Freshly handmade summer pasta is on the menu. When tomatoes are aromatic and bursting with flavour I love to use them not only eaten freshly from the greenhouse vine but also in simple sauces.  Not only is fresh pasta relatively easy to make with a little guidance, but I also find that the texture carries the sauce or dressing so much better than a dried pasta.  Here I have made hand rolled rigate (ridged) pasta hailing from the sunshine South of Italy with vine ripened plum tomatoes and pine-nuts.



Marjoram cavatelli with pan-fried tomatoes & pine-nuts

Preparation time: 1 hour (Including 30 minutes resting of pasta)

Serves: 4

For the pasta:

400g Semolina flour (semola di grano duro)

200ml freshly boiled hot water

½ tsp dried marjoram


For the sauce:

5 tbsp. Extra Virgin Olive Oil

2 shallots, peeled, finely sliced

3 garlic cloves, peeled, finely sliced

600g fresh baby plum tomatoes (on the vine), quartered

1 small red chilli, deseeded, sliced finely (optional)

Parmigiano rind for flavour (optional)

Salt and pepper to season

½ tsp dried marjoram

80g Pine-nuts

Small handful fresh basil, torn

80g Parmigiano Reggiano, grated, plus a little extra for the table

Drizzle of Extra Virgin Olive Oil, to finish


  1. Tip the flour onto a wooden board and sprinkle over the marjoram. Incorporate and make a volcano into the centre of the flour.
  2. Slowly add the hot water and form a pliable dough. Work and knead the dough for 5 minutes until smooth and elastic. Cover the dough with cling film or place a bowl upside down over the dough and allow the pasta to rest at room temperature for a minimum of 30 minutes. Covering the dough with ensure it doesn’t dry out and form a skin.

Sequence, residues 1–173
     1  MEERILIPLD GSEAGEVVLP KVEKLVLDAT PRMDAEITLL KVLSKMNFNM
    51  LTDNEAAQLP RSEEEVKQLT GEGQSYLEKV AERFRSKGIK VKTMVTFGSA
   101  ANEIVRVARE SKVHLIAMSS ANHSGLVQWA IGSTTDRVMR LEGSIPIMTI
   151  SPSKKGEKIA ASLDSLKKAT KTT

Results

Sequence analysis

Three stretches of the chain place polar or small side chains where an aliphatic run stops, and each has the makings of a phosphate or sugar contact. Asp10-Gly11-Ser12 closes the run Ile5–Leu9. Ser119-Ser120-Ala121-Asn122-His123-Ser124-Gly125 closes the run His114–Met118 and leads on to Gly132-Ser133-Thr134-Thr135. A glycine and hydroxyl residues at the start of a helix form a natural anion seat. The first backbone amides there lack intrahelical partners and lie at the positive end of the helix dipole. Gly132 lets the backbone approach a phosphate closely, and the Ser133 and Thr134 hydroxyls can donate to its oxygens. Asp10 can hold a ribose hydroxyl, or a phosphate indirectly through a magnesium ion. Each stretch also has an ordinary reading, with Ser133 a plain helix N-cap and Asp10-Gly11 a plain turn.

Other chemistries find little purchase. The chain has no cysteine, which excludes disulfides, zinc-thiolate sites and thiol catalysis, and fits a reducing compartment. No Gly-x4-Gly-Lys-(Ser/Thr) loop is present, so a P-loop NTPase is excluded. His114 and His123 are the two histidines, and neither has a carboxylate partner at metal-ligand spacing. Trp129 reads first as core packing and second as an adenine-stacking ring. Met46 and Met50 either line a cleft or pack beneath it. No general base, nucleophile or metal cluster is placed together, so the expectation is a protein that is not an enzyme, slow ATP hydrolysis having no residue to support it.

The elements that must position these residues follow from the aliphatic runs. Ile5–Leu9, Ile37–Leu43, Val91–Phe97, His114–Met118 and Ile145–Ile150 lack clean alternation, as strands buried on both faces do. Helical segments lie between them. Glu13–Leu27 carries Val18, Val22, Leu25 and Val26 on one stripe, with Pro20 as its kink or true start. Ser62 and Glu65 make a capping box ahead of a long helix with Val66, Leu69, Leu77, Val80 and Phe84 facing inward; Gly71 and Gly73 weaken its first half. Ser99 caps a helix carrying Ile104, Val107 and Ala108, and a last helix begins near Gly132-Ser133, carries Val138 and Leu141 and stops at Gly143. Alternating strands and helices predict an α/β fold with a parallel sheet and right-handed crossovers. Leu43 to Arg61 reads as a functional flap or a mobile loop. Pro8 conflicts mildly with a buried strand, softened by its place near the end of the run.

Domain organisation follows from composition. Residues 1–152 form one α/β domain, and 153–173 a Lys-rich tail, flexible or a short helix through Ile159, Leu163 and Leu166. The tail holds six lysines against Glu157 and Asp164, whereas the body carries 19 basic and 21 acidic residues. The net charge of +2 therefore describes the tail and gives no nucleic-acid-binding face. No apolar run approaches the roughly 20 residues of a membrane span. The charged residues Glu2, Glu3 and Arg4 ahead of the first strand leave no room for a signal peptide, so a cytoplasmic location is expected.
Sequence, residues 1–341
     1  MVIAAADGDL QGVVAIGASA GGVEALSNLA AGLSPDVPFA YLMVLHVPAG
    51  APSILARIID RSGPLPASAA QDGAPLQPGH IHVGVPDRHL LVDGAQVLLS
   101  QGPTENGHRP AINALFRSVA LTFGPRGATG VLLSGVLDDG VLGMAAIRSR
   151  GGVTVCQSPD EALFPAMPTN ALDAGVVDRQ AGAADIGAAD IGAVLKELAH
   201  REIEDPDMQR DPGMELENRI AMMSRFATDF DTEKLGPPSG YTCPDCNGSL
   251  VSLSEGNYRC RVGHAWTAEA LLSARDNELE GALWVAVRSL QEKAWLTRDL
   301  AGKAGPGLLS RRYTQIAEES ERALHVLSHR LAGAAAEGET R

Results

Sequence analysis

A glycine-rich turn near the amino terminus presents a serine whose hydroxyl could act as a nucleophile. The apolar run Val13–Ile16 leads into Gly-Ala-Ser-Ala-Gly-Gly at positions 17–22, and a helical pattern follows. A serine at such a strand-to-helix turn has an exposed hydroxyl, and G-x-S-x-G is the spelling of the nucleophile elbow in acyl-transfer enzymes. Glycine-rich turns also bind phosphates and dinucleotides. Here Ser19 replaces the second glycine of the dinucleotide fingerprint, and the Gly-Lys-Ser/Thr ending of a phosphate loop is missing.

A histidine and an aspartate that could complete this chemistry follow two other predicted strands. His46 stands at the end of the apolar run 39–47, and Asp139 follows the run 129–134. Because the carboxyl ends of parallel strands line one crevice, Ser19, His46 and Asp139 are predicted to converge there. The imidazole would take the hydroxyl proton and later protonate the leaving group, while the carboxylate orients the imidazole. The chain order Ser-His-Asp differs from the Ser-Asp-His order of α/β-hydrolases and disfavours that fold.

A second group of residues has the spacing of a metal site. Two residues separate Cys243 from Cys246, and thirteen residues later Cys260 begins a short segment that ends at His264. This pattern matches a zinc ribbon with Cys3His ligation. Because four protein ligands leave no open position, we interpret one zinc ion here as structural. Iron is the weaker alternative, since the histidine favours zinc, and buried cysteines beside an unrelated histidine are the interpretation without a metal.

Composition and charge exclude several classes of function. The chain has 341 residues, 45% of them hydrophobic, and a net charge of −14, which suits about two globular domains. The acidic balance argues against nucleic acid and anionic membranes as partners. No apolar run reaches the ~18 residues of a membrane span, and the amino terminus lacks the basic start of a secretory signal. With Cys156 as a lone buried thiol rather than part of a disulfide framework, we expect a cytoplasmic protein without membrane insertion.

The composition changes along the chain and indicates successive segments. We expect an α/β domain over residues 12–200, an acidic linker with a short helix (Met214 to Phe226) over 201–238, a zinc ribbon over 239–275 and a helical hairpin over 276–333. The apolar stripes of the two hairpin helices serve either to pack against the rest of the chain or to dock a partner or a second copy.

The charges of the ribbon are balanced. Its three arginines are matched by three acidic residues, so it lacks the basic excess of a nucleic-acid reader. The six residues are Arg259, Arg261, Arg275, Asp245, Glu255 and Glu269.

3. Once rested take the dough and cut it in half. Cover one half again until needed. Take the remaining dough and cut it into 8 equal sections.
  4. Roll each section into long sausages, thickness being a little thicker than a standard pencil. I always aim for the thickness of my little finger.
  5. Feed the pasta sausages (one at a time) through a cavatelli machine or cut small hazelnut pieces of dough and roll them down a gnocchi board or butter pat with the side of your thumb to form ridges. Always remembering it’s the ridges in a piece of pasta that holds the delicious sauce.
  6. Repeat with the remaining covered dough. Allow the pasta to dry on air-drying trays or standard trays that have been dusted with semolina flour. Leave to dry for at least 1 hour.
  7. Into a large frying pan pour in the olive oil followed by the sliced shallots and garlic. Fry off gently for 5 minutes until translucent in colour. I always start frying in cold oil, as this will eliminate any chance of burning the garlic.
  8. Add the quartered tomatoes and chilli followed by the seasoning, marjoram and Parmigiano rind. Cook for 15 minutes.
  9. Fill the pasta pot ¾ with water. Once boiling salt well. For every litre of water you should use a tbsp. of salt, I use coarse Maldon salt.
  10. Add the pine-nuts to the tomatoes and stir. Taste for additional seasoning. Cook for a further 5 minutes.
  11. Cook the pasta for 5 minutes until al-dente, with a bite. Ladle the pasta with a slotted spoon and tumble it into the frying pan. Add a small ladle of pasta water to emulsify the sauce, stir.
  12. Stir again, check for seasoning. Add the remaining basil and grated Parmigiano. Serve in warm bowls with an extra drizzle of Extra Virgin Olive oil and whoever ends up with the Parmesan rind will have an extra special treat.

Carmela’s tip:

Out of season this sauce can be made with tinned plum or cherry tomatoes.